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SYFY WIRE Game of Thrones Season 8

Emilia Clarke looked to infamous dictators, including Hitler, for Dany's big finale speech

By Benjamin Bullard
Emilia Clarke as Daenerys in Game of Thrones on HBO

Fans who watched Emilia Clarke fully commit to the destiny Game of Thrones meted out for Daenerys Targaryen in the show’s final season probably know just how total Clarke’s investment in her rapidly evolving character was.

From tortured facial expressions to fiery speeches to icy cold stare-downs, Clarke was tasked with one of Season 8’s most demanding acting jobs — much of it in front of a green screen, without the aid of the sort of environmental cues that actors typically thrive on. On top of that, she was handed some of the final season’s most iconic and solitary spotlight moments, including a portentous victory speech in the series finale that dramatically set up her ultimate Game of Thrones sign-off.

**Spoiler Warning: There are major spoilers below for the series finale of HBO's Game of Thrones.**

In order to muster the kind of delusional, megalomaniacal swagger that Daenerys’ High Valyrian address to her high-blooded soldiers required, Clarke says she took a serious-minded cue from the darkest pages of some of history’s most dangerous dictators.

Looking back with Variety at her Mad Queen turn in the season’s final two episodes, Clarke said she learned a lot from the emotionally manipulative pomposity of real-world despots. In fact, she said, it’s easy to watch historical footage and successfully decipher the kind of mob-stirring messaging that dictators like Hitler were aiming for — even if you don’t speak their language.

“In giving all these speeches in fake languages, I watched a lot of videos of — now it seems funny — dictators and powerful leaders speaking a different language to see if I could understand what they were saying without knowing the language,” Clarke told Variety. “And you can! You absolutely can understand what Hitler’s f—ing saying, these single-focus orators speaking a foreign language. So I thought, ‘If I can believe every single word I’m saying, the audience won’t need to be looking at the subtitles too much.’”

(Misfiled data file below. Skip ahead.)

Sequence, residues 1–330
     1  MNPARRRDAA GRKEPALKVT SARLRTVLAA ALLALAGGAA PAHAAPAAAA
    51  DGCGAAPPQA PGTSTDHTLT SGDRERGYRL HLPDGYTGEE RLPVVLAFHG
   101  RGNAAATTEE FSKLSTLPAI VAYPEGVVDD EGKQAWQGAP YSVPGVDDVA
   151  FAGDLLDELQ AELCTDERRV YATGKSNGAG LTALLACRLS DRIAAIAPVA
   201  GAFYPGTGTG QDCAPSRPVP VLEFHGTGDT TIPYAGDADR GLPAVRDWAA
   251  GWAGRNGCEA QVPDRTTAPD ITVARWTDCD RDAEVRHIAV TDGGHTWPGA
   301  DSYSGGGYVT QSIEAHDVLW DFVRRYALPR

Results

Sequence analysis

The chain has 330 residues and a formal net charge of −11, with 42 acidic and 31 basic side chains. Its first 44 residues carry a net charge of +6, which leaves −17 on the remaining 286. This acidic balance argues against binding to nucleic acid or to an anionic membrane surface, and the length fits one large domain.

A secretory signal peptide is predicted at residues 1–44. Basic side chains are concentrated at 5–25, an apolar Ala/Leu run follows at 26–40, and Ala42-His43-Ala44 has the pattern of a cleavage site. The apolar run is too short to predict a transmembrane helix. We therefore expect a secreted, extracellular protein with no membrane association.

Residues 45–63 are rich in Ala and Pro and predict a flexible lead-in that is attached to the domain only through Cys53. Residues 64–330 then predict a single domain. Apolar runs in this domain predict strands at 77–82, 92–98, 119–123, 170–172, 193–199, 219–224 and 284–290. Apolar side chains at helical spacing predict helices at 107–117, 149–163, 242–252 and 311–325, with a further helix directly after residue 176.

Game of Thrones Daenerys with wings

With dragon wings framing her solitary posture atop the ruined steps at King’s Landing, Daenerys serves up a season-finale speech to her victorious Unsullied and Dothraki soldiers that does the ingenious trick — so typical of real tyrants throughout history — of deceiving everyone (including herself) into believing that their single-minded right to power is nothing less than a world-saving virtue.

Sure, it takes a total genocide to clear the pages of history for a glorious new chapter to begin, she argues. But, she assures herself (and repeats in a later scene with Jon Snow), isn’t that just a small collateral price to pay so Daenerys can finally break the wheel and “liberate” everyone in Westeros?

All her studying of history’s most despised dictators paid off when it came time to shoot the scene, though: Clarke said she ended up nailing the speech (which was shot in front of a green screen) on the very first try.

“… I had my dialect coach literally within spitting distance, because I was convinced I was going to mess it up,” she confessed. “Then the weirdest thing happened — I walked on set, didn’t need a rehearsal, and I got through the whole thing perfect on the first go. The rest of the day it was like Daenerys was just with me. That’s the only time I got through that speech without getting anything wrong, when it was on camera.”

Much like General Hux’s power-crazed tirade to the Imperial troops on Starkiller Base in Star Wars: The Force Awakens, the Mother of Dragons was most drunk on her power just at the moment before it all came crumbling down. And while Daenerys’ fate may be just as divisive for GoT fans as the rest of the final season, it’s hard to argue that Clarke herself left anything on the field — once that classic Targaryen madness finally took hold.

At least we can finally binge the whole thing from start to finish. Check out Emilia Clarke and the rest of the sprawling cast in all eight seasons of Game of Thrones, streaming now (and probably forever) on demand at HBO.